The term sustainability can be difficult to define for the contemporary furniture designer/manufacturer. Sustainability can mean social responsibility, use of non-polluting technologies and certified materials, employment fairness and more. Though these "manufacturing with a conscience" ideals cannot be argued with, often they are difficult to implement on a regular basis. To encompass these practices we need to be responsible for the production cycle from raw material acquisition through to manufacture, end use and final disposal.
Take-Back Laws: More than 28 countries, primarily in Europe, have already passed product “take-back” laws that assign the responsibility for the disposal of end-of-life products and packaging to the manufacturer. (source)
In the 1970s, E.F. Schumacher and George McRobie originated the concept of designers using "appropriate" technology to develop products to meet the needs of local communities and economies. Despite their pioneering work, forty years later our use of technology remains largely "inappropriate" as consumerism, not environmental concerns, continues to be the primary motivation for product development.
What drives designers to create more products? Does the world need another chair design? The design community needs to discuss these issues within the larger context of the environmental health of the planet.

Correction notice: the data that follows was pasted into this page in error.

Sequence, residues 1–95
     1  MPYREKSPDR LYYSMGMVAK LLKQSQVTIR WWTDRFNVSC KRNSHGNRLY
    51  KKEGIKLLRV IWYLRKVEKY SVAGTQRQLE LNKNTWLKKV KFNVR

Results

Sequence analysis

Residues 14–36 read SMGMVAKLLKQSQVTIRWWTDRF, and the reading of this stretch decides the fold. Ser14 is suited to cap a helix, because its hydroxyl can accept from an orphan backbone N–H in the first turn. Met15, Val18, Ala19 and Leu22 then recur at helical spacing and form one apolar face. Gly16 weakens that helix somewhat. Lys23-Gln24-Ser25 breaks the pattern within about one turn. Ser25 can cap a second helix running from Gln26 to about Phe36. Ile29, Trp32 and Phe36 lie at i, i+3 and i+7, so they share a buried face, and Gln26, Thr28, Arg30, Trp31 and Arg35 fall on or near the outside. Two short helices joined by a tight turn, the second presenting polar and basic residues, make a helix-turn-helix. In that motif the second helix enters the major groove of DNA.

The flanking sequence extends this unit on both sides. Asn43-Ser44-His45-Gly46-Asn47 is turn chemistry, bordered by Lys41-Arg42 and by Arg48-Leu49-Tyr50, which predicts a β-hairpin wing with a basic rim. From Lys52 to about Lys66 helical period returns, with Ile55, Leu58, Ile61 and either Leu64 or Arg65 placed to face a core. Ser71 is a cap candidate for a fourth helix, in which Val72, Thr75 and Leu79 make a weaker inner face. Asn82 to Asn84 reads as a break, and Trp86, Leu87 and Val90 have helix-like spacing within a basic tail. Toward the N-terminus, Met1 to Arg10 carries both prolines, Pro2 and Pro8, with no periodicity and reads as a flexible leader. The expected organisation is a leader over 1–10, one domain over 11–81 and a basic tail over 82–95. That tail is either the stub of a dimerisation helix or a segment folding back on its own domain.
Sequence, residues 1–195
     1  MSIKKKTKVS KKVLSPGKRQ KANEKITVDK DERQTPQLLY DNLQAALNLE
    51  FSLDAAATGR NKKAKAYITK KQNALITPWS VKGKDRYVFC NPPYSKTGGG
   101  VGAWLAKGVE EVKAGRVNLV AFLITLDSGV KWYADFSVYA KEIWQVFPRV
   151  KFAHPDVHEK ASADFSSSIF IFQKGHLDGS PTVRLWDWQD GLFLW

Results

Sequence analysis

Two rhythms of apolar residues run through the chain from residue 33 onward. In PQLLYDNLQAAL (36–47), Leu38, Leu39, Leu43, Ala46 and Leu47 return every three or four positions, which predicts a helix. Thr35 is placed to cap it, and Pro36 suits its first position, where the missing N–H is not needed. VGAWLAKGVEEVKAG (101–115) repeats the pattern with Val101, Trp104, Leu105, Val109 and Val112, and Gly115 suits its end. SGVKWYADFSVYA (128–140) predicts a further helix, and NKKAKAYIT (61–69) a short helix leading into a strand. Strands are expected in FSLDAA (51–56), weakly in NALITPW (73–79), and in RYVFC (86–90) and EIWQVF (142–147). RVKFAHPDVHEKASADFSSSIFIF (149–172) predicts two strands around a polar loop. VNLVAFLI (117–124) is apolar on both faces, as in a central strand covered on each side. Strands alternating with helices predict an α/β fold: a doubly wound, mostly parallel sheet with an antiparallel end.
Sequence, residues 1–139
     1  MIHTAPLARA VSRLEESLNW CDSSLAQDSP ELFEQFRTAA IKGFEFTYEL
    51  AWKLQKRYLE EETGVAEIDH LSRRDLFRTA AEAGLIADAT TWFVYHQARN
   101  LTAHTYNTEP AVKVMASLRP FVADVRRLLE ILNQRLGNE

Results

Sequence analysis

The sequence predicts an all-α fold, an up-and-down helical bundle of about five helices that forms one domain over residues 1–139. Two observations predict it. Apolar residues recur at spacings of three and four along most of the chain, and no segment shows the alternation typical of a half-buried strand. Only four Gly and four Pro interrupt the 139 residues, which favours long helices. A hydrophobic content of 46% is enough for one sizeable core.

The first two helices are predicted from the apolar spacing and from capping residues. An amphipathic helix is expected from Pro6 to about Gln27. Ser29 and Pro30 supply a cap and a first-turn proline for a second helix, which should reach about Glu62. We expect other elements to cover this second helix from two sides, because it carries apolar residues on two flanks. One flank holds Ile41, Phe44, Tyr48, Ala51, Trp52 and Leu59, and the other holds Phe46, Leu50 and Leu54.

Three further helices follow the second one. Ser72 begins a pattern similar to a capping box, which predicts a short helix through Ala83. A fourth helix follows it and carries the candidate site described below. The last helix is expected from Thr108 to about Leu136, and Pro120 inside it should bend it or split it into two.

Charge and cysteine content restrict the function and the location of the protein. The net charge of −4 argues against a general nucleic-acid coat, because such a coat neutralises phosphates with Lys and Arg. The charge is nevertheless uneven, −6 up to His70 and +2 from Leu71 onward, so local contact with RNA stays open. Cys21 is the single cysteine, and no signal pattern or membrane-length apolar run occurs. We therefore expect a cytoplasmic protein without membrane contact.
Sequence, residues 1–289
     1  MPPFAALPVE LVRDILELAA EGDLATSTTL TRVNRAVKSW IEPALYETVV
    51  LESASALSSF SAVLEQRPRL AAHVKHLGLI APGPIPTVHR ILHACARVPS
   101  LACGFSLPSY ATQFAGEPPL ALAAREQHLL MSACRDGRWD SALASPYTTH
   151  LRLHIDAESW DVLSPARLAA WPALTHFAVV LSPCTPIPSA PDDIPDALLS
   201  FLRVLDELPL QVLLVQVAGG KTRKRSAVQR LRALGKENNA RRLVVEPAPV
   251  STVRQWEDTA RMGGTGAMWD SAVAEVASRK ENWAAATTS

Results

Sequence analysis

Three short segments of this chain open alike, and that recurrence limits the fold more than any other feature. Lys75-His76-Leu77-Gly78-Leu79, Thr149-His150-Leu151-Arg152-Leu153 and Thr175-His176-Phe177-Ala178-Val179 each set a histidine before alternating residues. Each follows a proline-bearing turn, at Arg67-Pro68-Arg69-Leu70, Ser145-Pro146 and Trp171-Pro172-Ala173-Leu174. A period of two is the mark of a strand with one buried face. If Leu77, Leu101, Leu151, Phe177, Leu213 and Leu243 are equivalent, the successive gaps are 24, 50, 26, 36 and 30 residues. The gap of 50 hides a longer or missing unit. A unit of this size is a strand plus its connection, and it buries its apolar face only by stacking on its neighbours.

Design-based smaller-scale furniture manufacturers are well suited to reduce waste, emissions, energy, toxicity and dangerous work practices at the drawing board. VCR page green options provides a guide to environmentally friendly materials in furniture production.
A European consortium, (eLCA), has developed the EcoSMEs website to provide eco-information to smaller-scale manufacturers. These links have the most relevance to furniture production:
· Wood products > Training (click "continue" for more pages)
· Wood products > Office desks > Info
The Industrial Designers Society of America makes available Business-Ecodesign Tools an eight page booklet with an overview of ecodesign best practices.
In addition IDSA provides extensive links to websites with application to green product design.
The Business and Institutional Furniture Manufacturers Association (BIFMA) promotes its Level™ furniture certification standard which is implemented by third-party organizations such as Scientific Certification Systems (SCS) and NSF.